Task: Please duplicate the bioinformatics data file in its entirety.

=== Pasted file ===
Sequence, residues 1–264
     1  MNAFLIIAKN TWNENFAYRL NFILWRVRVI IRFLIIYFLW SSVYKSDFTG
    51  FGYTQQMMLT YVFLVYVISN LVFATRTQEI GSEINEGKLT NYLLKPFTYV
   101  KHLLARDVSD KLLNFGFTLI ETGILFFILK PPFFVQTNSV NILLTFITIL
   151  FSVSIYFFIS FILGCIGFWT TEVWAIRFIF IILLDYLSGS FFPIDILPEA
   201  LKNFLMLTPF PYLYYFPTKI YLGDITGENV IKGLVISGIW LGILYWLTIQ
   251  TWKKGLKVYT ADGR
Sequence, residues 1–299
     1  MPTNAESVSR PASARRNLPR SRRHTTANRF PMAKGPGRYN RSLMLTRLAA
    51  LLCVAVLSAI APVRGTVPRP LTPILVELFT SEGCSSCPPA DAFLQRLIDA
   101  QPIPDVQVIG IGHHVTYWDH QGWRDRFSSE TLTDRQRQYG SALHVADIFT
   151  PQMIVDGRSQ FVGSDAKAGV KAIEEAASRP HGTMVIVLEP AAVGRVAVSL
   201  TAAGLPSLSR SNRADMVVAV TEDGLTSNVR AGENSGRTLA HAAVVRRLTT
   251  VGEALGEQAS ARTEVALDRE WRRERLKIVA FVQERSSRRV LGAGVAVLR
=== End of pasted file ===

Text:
Sequence, residues 1–264
     1  MNAFLIIAKN TWNENFAYRL NFILWRVRVI IRFLIIYFLW SSVYKSDFTG
    51  FGYTQQMMLT YVFLVYVISN LVFATRTQEI GSEINEGKLT NYLLKPFTYV
   101  KHLLARDVSD KLLNFGFTLI ETGILFFILK PPFFVQTNSV NILLTFITIL
   151  FSVSIYFFIS FILGCIGFWT TEVWAIRFIF IILLDYLSGS FFPIDILPEA
   201  LKNFLMLTPF PYLYYFPTKI YLGDITGENV IKGLVISGIW LGILYWLTIQ
   251  TWKKGLKVYT ADGR
Sequence, residues 1–299
     1  MPTNAESVSR PASARRNLPR SRRHTTANRF PMAKGPGRYN RSLMLTRLAA
    51  LLCVAVLSAI APVRGTVPRP LTPILVELFT SEGCSSCPPA DAFLQRLIDA
   101  QPIPDVQVIG IGHHVTYWDH QGWRDRFSSE TLTDRQRQYG SALHVADIFT
   151  PQMIVDGRSQ FVGSDAKAGV KAIEEAASRP HGTMVIVLEP AAVGRVAVSL
   201  TAAGLPSLSR SNRADMVVAV TEDGLTSNVR AGENSGRTLA HAAVVRRLTT
   251  VGEALGEQAS ARTEVALDRE WRRERLKIVA FVQERSSRRV LGAGVAVLR